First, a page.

How to Know if Your Child Needs a Statin

Under 1 percent of kids need them, but docs may not get that message.

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The American Academy of Pediatrics caused a brouhaha last year when it said that kids as young as 8 should be put on statin drugs if diet and exercise don't work to lower high cholesterol levels. Many of its own members wondered whether it was wise to put children on drugs that they'd have to stay on for several decades in the absence of pediatric studies showing that this approach is safe and effective at preventing future heart attacks. A new study, which may calm those worries, shows that fewer than 1 percent of American children ages 12 to 17 actually need these drugs anyway.

Study author Earl Ford, a medical officer with the U.S. Public Health Service, tells WebMD, "It is a matter of opinion whether one thinks 0.8 percent is a small or large percentage." While I think most parents wouldn't worry too much if you tell them that 99.2 percent of kids aren't on statins, they would raise their eyebrows if told the actual number of kids who should be on them. With 25 million adolescents in the United States, 200,000 teens qualify for statins under the AAP guidelines—not an inconsequential number if it later turns out that statins pose long-term hazards for kids or don't actually make a difference in preventing heart attacks in adulthood when started at age 12.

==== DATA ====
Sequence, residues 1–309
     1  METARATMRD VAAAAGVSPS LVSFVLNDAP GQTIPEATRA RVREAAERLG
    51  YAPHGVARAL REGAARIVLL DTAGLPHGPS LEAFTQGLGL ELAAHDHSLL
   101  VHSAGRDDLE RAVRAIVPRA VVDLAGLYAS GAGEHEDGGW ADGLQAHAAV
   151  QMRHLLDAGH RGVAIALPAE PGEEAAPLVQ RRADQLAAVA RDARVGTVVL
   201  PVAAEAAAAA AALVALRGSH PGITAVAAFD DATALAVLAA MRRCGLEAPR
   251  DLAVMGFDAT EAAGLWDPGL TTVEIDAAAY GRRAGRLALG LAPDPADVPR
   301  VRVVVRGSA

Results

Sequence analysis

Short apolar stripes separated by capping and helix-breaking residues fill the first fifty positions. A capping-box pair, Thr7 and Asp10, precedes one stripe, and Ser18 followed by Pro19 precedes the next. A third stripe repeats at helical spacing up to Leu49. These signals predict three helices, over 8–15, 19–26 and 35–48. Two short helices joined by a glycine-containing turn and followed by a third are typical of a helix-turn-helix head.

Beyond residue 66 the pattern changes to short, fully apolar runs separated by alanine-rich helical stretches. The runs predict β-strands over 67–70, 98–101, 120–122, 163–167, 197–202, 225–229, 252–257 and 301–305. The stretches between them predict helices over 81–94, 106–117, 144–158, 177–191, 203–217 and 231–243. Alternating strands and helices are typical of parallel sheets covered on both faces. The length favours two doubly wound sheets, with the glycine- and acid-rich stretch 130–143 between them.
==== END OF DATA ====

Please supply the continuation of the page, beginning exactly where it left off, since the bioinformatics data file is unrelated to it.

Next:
That being said, statins are considered to be very safe in adults and have been shown to be lifesaving, particularly for those who have already had heart attacks or artery-opening surgeries or who have diabetes. What's clear is that while some children may indeed benefit from statins, researchers should be following these kids to study their long-term health outcomes. It's simply not enough to say, "Well, only a small percentage of children need them anyway."

The AAP guidelines currently direct doctors to consider prescribing statins in children older than 8 whose levels of "bad," or LDL, cholesterol are more than 190 mg/dL or who have moderately elevated LDL (over 160 mg/dL) and have heart disease risk factors like insulin resistance, hypertension, or obesity. But a lot of doctors disagree with these guidelines, so here's what you need to know before deciding to give your child a statin.

For more: Is your child overweight? Here's the right approach to take.